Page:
GS: You apparently have an impressive fan base.

JV: Yeah. I didn’t get ideas for lore from them. I got things like, “I want an item that does this, or one item that does this sort of thing.” So all the best weapons and items in the game are based on user suggestions.

Then someone said, “I want an item that does this, but also has this weird side effect.” I said, “Okay, I’m gonna have to go into the engine and reprogram this, but it’s such a cool idea. Hell yeah, this is great.”

And the quests. One person made his backer quest with his kids, and what they came up with… it’s just silly and weird and really big. He wrote to me and said, “This is so goofy. My kids came up with it. I’m not sure you’re going to want to put it in.”

I’m like, “Oh, no. This is totally going in. It’s nuts, but it’s really neat.”

GS: So, out of curiosity, let’s say someone comes forward with a lot of money, somebody trustworthy, and says, I want to bankroll your next project. Suddenly, you have a budget. You can hire people. What would you do?

JV: I’d want one or two real artists. I’d want a coder who’s good at programming art, because the thing is, a lot of the problem with our visuals is not just not being able to afford art, but having a person who’s good at programming art. Maybe I’d get somebody who’s good at programming Unity, so I can make that switch.

I’m actually pretty good at managing people. I have to manage a million freelancers all the time. I’m constantly giving people directions. My freelancers tend to really like working for me. They do it for a long time.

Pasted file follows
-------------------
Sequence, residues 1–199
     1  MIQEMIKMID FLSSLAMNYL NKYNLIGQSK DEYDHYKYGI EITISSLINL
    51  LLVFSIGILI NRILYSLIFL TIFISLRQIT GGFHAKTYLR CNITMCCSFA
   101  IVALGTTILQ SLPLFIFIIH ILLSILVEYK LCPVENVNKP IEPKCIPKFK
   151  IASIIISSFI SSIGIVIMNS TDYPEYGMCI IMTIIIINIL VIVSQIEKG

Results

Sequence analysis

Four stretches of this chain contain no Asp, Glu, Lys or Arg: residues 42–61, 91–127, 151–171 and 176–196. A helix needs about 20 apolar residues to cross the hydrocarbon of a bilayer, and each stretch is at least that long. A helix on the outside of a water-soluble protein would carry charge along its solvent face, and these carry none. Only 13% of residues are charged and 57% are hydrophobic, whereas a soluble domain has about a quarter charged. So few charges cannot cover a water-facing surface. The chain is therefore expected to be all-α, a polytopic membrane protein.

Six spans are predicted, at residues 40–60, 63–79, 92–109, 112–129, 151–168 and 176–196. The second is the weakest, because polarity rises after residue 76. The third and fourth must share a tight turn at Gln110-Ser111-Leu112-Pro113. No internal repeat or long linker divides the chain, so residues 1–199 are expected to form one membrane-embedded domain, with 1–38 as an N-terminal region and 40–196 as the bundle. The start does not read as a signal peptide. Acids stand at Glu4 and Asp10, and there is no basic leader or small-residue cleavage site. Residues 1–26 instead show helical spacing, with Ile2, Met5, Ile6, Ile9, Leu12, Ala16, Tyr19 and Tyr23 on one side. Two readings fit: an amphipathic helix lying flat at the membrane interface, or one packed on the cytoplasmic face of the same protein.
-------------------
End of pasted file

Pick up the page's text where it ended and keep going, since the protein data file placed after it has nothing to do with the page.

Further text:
If you gave me a budget, I’d hire artists, and a sound designer, and programmers, and an extra designer who’s really good at writing. I could be very comfortable sitting at the top and just spinning out the story, but with enough backup and support to really do it justice and give it a lot of detail. It’s a beautiful dream.

But you know, there’s no shortage of good designers. People will sometimes ask me, “Why don’t you sell out? Why doesn’t someone steal you away and put you in charge of a larger product?” Because, you know, you throw a bunch of money at me, I’ll write you a crackerjack roleplaying game. But a lot of people can do that. There’s a million designers out there.

GS: With the sheer density of video game studios in Seattle, especially right now, I’m surprised no one’s tried to grab you.

JV: No, everyone gets their designers in house. Being a designer is the dream. That’s the ice cream slot. Everyone wants to be the one who does that. If Microsoft or Bungie wants to design a game, they’re almost never going to pull someone from outside, because they’ve got a million people right outside their doors clamoring for that job, and a bunch of them are probably just as good as me.

If a company wants to write a role-playing game — well, God help them, because it’s a difficult genre to make money in under any circumstances. [as an aside] Rest in peace, Bioware. There’s going to be someone inside the company who’s just going to be champing at the bit to write their roleplaying game for them.

GS: I was playing Queen’s Wish last night, and it really made me realize the degree to which this sort of game hasn’t even really fallen out of style, but has just gotten hybridized with everything else.